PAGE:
Look at Hollywood science-fiction movies, Thiel suggests, “they all portray technology that doesn’t work, that kills people, that’s dystopian, that destroys the world.” In Kahneman’s parlance, these images of robots and renegade AIs are available to our imaginations. The challenge for the technology industry then is to make visions like Hawkins’ intelligent machines more available, more vivid, and more compelling than “The Terminator.” An assist from Hollywood would be helpful as well.
AI, or more properly machine intelligence, has much in common with synthetic biology. Both are technologies with a tremendous capacity to help humanity on a grand scale. They are also both technologies that inspire hysteria in popular culture. In both cases, I am most concerned about the motivations of rogue humans who may misuse these technologies than about the rogue capabilities of the products of these technologies themselves.
A useful tonic to the irrational fear of technology is the reminder that everything in the world, man-made or otherwise, is subject to the laws of physics. As Adrian Bejan points out in his book Design in Nature, the fact that unifies the natural and technological worlds is that they are all flow systems. Given freedom, these systems evolve over time to increase the flow of what flows through them. Electrons, populations, money, all follow the same principle. A corollary to this in Bejan’s work is the notion that all growth follows s-curves. So, unlike a purely mathematical model in which processes can evolve infinitely, the physical model imposes constraints.
This confrontation between math and science is exactly what I see playing out in the current debate about AI. Although deep learning has its roots in the biologically inspired neural networks of the 90s, its current young practitioners assume a more mathematical approach. If you did not live thru the promise and then disappointment of the neural net era, you might believe in the infinite potential of the current techniques.
One of the most specific critics of Hawkins’ results thus far is Yann LeCun. LeCun is one of the original neural net researchers who has become one of the most important figures in the deep learning movement. He is now head of AI for Facebook. In an AMA on Reddit last May, LeCun cautioned against underestimating the difficulty Hawkins faces “to instantiate these concepts and reduce them to practice.” Of Numenta’s Hierarchical Temporal Memory (HTM) algorithms, he asked, are they “minimizing an objective function?”
At this point, the deep learning developed by Google’s Geoffrey Hinton, Baidu’s Andrew Ng, Facebook’s LeCun, Microsoft and others has produced the greatest accuracy for solving specific classification tasks (identifying pictures of cats on ImageNet, for instance). The way these systems have been able to improve through scaling suggest continued progress from a mathematical perspective. But these methods have proven brittle and it is very easy to minutely alter the pixels of images or insert random words into text and demonstrate that these systems do not “understand” what they are processing. LeCun himself discussed Musk’s “existential threat” comments at the Data Driven Conference last December. He expressed a very balanced and measured view of the state of contemporary AI. “There are basic things we haven’t figured out. There are a lot of technical obstacles we will encounter as we move forward,” he said. “Deep learning gives us a lot of hope that we are moving forward. We don’t know where the next brick wall is.… There’s a lot of opportunity to make progress. We don’t know where the limit is yet.”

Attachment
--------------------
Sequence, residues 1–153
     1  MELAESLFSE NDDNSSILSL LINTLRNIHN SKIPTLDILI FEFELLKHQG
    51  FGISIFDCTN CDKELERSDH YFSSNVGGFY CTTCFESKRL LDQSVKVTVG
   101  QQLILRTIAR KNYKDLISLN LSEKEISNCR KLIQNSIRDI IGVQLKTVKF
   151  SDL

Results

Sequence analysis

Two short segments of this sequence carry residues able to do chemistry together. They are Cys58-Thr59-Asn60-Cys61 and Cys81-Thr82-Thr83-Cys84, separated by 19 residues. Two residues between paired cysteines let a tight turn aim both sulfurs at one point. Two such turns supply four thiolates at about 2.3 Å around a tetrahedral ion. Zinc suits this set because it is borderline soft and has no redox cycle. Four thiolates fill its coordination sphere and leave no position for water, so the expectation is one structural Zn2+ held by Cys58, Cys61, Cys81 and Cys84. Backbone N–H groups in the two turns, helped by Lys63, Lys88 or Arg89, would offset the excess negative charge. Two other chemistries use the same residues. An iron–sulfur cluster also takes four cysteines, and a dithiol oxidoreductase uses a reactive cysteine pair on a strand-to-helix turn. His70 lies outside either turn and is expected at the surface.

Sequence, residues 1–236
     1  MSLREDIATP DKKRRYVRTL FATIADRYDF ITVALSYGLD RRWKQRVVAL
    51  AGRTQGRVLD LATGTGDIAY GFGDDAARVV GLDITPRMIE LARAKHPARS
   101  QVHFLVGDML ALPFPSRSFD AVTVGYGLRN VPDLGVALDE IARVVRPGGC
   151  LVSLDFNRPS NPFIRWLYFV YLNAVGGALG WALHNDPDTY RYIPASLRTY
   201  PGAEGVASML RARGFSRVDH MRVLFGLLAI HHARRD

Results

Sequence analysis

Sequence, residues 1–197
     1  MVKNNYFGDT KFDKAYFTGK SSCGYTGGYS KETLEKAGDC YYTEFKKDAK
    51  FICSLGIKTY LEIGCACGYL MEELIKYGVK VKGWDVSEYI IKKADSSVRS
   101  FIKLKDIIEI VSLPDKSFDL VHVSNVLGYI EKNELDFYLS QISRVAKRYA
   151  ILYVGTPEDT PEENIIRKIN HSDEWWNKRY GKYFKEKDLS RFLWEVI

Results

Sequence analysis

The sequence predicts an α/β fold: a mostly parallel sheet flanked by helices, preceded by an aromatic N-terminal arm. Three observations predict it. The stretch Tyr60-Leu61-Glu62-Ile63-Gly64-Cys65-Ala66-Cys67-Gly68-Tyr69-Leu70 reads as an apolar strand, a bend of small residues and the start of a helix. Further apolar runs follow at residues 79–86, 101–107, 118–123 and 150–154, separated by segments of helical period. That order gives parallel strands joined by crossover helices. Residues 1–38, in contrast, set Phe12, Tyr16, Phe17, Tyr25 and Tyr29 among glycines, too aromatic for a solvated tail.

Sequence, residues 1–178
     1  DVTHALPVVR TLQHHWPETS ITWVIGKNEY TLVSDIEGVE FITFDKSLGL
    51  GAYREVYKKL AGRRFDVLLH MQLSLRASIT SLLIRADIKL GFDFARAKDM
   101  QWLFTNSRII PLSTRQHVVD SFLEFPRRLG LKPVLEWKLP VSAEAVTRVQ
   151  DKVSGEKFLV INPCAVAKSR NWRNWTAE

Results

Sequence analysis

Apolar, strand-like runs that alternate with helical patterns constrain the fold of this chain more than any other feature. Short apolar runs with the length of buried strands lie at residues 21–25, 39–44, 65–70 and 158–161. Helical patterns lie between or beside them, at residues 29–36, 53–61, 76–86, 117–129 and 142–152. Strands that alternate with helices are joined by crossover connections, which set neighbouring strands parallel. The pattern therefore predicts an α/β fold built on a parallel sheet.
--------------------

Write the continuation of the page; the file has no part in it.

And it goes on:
LeCun and Hawkins are both experienced soldiers of the AI wars, and their enthusiasms are balanced with cautions. There have been many fads in AI, and many of the current accomplishments may one day seem fads themselves. IBM just announced that it has formed a 100 person team to test out Numenta’s algorithms and attempt to build hardware that can support the massive parallelism required to instantiate Hawkins’ model of how the cortex works. LeCun agrees that Hawkins, “has the right intuition and the right philosophy.” LeCun also lists “unsupervised representation learning, particularly prediction-based methods for temporal/sequential signals,” which is what Numenta’s method specializes in, among the promising areas for young engineers to explore. Time-based data will be the hallmark of the coming internet of things and create different demands than existing forms of big data. This will place a premium on building models that predict dynamically over those based on storing larger and larger troves of static data. As Hawkins told me, “the future may be more like Snapchat than Facebook.”
This then brings us back to the issue of regulation. If machine intelligence is essentially predictive of and responsive to external data streams, what might there be to regulate? The answer, at this point, is not the AIs themselves but the uses to which humans put data. This is correct but an understandable pain point for tech companies who complain that regulation inhibits innovation. The intersection of this Venn diagram occurs where these innovations clearly benefit the most humans.
I don’t think Musk or the rest are irresponsibly pointing to the threat of AI, but this gesture has served to take attention away from the effect that humans at tech companies are having on the rest of the planet’s humans. As I have commented about biotechnology, the best way to lower the public fear about new technologies is to demonstrate clear benefits for a lot of people. The unintended side effect of fomenting fear of AI is that governments may react to the pressures of a sensationalized public with regulations that prove counterproductive. In many ways, I think the Future of Life Institute, to which Elon Musk has donated $10 million to research the threats of AI, is an attempt by technologists and scientists to regulate themselves before governments do it for them, and not as well.